Post by dbr » Mon Jan 05, 2015 9:29 am

This paper by Kitces discusses some of the "paradoxical" character of this issue:

https://www.kitces.com/may-2008-issue-o ... es-report/

I would recommend reading up papers from Michael Kitces and Wade Pfau for extended discussion of how to think about these things (Google for sources).

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coachz
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Re: Real Value of Nest Egg

Post by coachz » Mon Jan 05, 2015 9:42 am

jstrazzere wrote:
coachz wrote:Surely, a bad sequence of returns is much more likely when the market is at an all time high.
A bad sequence of returns does not depend on what has happened with the market in the past week, month, or year, nor if the market is at a high or not. It could happen any time.

Do you have a source indicating otherwise?
Good point. I don't. I only have my tiny brain that says an all time high has a higher chance of going down than up. :sharebeer

an_asker
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Re: Real Value of Nest Egg

Post by an_asker » Mon Jan 05, 2015 9:51 am

coachz wrote:
jstrazzere wrote:
coachz wrote:Surely, a bad sequence of returns is much more likely when the market is at an all time high.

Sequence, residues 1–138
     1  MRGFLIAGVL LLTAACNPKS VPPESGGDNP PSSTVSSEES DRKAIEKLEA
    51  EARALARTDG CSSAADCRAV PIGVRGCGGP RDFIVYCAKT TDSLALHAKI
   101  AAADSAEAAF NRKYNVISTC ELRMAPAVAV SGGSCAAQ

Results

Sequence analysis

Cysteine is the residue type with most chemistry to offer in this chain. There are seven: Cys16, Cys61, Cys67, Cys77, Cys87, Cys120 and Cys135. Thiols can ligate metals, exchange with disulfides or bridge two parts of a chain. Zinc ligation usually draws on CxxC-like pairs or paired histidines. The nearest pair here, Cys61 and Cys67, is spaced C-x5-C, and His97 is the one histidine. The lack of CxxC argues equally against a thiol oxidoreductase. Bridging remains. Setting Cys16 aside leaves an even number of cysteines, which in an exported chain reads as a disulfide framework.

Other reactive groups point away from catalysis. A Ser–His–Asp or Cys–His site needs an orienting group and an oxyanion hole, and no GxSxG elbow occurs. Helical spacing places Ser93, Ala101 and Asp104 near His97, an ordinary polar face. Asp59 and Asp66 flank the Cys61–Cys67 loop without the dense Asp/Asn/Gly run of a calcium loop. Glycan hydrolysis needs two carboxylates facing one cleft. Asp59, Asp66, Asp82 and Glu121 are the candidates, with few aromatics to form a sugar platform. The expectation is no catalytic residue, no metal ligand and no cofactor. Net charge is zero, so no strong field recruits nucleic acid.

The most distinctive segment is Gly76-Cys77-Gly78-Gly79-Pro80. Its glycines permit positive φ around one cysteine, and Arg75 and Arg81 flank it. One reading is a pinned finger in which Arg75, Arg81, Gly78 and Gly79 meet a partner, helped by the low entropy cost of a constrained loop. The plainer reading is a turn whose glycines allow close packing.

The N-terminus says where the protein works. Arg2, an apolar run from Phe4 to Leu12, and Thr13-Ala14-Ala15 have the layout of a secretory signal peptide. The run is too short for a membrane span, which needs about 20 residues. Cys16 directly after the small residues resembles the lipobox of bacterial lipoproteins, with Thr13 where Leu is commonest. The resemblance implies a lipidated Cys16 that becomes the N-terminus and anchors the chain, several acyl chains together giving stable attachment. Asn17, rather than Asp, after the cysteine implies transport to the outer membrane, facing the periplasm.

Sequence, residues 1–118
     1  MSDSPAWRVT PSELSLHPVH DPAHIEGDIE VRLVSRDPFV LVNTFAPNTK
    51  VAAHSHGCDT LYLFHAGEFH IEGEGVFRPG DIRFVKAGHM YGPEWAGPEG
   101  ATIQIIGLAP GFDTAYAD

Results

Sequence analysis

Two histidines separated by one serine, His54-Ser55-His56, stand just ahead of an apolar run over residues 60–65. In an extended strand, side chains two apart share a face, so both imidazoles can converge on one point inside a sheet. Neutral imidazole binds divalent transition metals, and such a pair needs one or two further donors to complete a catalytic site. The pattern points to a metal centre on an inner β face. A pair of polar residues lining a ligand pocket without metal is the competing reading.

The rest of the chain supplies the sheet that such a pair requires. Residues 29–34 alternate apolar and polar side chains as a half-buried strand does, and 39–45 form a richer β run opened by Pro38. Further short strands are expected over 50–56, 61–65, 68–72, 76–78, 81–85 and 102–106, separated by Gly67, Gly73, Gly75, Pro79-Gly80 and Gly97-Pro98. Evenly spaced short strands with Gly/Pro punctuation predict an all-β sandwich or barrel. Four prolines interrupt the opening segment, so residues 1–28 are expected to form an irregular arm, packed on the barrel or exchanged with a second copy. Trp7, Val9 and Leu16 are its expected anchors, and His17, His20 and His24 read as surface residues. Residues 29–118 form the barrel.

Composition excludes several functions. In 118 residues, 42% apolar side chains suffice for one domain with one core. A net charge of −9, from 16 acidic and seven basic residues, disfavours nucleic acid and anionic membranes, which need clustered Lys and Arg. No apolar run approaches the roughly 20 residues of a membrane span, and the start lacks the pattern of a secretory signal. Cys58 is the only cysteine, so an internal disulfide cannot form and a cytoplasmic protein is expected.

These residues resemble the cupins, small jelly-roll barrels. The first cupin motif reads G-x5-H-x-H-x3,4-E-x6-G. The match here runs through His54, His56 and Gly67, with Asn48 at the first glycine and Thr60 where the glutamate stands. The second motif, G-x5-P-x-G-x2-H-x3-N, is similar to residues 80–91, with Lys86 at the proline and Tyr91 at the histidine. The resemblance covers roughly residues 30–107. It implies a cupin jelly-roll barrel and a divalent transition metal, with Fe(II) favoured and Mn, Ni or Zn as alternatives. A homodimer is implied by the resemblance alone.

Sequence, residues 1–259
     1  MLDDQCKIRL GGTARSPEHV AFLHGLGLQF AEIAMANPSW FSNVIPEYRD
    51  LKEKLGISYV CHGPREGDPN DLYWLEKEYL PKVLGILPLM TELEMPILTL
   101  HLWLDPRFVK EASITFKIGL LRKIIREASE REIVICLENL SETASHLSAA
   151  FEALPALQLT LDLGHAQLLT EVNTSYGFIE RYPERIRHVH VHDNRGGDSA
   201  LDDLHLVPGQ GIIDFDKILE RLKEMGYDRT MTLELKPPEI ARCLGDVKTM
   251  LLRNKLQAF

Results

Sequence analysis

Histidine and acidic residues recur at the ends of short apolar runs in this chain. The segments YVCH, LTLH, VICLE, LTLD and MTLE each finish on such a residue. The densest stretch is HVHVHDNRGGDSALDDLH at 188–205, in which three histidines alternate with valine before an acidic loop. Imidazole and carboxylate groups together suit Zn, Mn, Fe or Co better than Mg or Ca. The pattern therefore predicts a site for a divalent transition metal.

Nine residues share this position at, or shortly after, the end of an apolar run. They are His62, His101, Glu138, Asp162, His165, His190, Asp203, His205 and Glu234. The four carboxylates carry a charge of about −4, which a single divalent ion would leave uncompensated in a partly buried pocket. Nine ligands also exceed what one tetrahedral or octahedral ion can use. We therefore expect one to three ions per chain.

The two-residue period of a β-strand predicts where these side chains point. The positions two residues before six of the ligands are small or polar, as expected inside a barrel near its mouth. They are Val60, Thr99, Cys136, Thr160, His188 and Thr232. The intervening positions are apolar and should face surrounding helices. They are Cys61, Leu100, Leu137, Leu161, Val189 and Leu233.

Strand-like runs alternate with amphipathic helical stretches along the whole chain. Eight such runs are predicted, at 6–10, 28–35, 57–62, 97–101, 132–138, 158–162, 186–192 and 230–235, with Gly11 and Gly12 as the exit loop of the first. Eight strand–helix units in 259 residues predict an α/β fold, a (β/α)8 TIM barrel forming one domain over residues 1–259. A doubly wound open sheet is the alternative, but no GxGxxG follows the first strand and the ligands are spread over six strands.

A bad sequence of returns does not depend on what has happened with the market in the past week, month, or year, nor if the market is at a high or not. It could happen any time.

Do you have a source indicating otherwise?
Good point. I don't. I only have my tiny brain that says an all time high has a higher chance of going down than up. :sharebeer
Intuitively speaking, I agree with you. Based on what's been drummed into my head by statistics, I should not be doing so.

With big data etc, there should be research done by someone somewhere along the following lines:

- take the intra-day high value for all 'all time high days'
- for each of the above, get the market-close values for 1-yr, 3-yr, 5-yr and 10-yr (more if wanted) future dates
- calculate the returns in each case and get an average 1-yr, 3-yr, 5-yr and 10-yr performance (as well as standard deviation etc if wanted)
- add a caveat that past performance cannot guarantee future performance

Has this kind of analysis been performed that anyone is aware of? Does anyone have the resources to run the above algorithm? I for one would be mighty curious (for the Dow and the S&P500). Given that it has been a while since the NASDAQ was at an all time high, I don't know if that would prove useful for any optimist. :oops: